Comptroller of the Currency, Thomas J. Curry, made a speech at the Exchequer Club in Washington, D.C. on September 18, 2013 in which he discussed the increasing risks to banks and the financial system from the growing sophistication and frequency of cyberattacks. The Comptroller pointed out that hackers now can conduct their activity from almost any location and the cost of the tools used by hackers “has dropped precipitously” and sometimes can be obtained without any cost. At the same time, the operational risks to banks are increasing, said the Comptroller, because banks are increasing their reliance on technology and telecommunications and because banks’ systems are often interconnected, directly or through third-party vendors and servicers. The Comptroller noted that there is every reason to think that these risks will continue to increase as banks are today “leveraging cloud computing, social media, mobile banking, and new payment solutions and it is impossible to guess what opportunities technology will bring ten years from now.” The Comptroller also suggested that as the largest banking institutions strengthen their defenses against cyberattacks, hackers may increasingly focus attacks on community banks.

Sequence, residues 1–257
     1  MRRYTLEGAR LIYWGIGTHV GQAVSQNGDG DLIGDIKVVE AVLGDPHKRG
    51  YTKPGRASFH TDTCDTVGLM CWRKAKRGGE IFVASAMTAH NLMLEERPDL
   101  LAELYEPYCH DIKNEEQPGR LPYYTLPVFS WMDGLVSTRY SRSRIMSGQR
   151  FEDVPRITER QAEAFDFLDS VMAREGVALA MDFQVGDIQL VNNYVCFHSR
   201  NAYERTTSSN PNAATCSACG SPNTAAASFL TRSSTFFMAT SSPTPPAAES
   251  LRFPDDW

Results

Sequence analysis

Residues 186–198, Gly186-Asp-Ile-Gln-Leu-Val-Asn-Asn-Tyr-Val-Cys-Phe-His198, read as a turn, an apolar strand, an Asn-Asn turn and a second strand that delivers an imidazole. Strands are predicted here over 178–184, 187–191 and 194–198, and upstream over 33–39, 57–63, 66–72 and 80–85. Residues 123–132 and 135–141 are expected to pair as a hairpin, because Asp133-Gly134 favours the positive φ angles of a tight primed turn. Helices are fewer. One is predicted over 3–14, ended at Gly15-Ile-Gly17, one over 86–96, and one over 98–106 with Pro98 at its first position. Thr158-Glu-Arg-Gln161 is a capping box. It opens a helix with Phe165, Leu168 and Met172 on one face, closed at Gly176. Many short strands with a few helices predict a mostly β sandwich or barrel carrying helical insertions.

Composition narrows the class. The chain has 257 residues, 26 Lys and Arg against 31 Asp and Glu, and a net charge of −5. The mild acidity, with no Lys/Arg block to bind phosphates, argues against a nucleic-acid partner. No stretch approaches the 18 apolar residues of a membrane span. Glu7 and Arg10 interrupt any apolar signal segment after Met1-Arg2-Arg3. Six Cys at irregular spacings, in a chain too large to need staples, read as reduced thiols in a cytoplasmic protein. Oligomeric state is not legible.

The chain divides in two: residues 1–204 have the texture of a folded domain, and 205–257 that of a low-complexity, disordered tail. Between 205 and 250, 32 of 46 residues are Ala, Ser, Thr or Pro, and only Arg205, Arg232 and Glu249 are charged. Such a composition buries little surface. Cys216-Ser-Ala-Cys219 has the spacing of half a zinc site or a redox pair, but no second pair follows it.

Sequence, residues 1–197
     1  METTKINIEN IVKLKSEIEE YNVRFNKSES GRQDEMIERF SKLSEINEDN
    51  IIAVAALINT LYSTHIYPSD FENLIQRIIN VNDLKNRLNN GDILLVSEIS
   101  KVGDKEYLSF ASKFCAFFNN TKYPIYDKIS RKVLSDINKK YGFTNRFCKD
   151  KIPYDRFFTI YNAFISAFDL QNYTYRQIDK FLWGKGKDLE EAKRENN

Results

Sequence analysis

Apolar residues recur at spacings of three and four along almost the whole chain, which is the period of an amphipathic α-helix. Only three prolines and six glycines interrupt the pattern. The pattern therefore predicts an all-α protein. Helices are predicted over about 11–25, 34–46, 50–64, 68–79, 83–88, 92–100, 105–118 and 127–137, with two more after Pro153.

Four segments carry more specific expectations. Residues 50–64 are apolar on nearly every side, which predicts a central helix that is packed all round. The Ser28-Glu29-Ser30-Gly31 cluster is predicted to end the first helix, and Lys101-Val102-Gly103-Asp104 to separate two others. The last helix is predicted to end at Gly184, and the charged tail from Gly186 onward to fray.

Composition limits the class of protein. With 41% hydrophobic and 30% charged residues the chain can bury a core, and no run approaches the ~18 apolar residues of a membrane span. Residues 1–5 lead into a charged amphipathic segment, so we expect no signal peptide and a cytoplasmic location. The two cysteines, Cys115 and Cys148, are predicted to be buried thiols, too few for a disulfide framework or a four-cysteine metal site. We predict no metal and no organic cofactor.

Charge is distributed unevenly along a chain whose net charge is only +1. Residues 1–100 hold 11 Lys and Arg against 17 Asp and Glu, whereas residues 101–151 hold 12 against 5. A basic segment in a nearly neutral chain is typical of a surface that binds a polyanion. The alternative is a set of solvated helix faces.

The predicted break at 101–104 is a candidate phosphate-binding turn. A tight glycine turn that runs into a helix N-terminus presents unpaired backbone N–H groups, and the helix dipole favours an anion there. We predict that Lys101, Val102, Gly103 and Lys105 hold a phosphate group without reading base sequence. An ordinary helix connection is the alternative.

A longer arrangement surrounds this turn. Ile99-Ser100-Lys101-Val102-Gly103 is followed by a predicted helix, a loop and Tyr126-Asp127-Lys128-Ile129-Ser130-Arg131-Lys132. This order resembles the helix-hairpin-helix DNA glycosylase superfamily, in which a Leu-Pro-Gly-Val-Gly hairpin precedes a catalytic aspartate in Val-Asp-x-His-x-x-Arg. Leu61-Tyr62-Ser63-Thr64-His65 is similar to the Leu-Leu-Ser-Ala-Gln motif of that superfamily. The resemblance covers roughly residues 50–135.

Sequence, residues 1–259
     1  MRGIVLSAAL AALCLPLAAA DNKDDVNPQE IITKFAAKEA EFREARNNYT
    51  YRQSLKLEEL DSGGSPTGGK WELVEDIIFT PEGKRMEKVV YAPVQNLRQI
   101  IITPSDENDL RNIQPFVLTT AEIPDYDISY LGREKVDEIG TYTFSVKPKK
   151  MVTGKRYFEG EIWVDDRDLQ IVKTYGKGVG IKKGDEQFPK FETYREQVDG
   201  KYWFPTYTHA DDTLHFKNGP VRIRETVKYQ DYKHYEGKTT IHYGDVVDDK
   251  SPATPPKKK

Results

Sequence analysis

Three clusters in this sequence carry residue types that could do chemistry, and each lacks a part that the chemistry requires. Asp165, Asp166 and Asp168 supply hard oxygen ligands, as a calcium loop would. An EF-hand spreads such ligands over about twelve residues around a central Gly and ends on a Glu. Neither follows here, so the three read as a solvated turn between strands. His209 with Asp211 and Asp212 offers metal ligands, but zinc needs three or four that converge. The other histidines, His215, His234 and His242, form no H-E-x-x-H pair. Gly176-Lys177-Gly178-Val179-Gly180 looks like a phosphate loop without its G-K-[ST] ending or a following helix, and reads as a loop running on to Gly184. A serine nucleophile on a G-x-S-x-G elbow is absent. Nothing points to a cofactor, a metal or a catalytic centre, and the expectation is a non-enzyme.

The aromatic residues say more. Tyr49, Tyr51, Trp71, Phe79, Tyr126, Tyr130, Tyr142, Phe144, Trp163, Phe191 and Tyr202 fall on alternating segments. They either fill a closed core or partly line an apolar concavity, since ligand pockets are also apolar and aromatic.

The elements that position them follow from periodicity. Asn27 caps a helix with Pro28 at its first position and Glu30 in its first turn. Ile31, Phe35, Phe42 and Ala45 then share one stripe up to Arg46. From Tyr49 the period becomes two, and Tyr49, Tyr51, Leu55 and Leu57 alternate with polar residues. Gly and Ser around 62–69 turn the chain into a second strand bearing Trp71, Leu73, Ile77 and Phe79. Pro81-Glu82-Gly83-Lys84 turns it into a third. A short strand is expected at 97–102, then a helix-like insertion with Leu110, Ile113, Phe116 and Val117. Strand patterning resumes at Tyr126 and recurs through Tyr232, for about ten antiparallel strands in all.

Comptroller Curry stressed the importance to banks that their respective boards and senior management understand the risks posed by cyberattacks and “set the right tone at the top” to inculcate risk management into the culture at their banks. He also stressed that, to address cybersecurity compliance effectively, banks need to communicate with each other, their regulators and other relevant government agencies. As an example of how bank regulators are working collectively to consider cybersecurity issues, Comptroller Curry stated that, in his capacity as Chairman of the Federal Financial Institutions Examination Council (“FFIEC”), he has appointed an FFIEC Cybersecurity and Critical Infrastructure Working Group that “is already meeting with intelligence, law enforcement, and homeland security officials” to consider “how best to implement appropriate aspects of the President’s Executive Order on Cybersecurity, as well as how to address the recommendations of the Financial Stability Oversight Council.”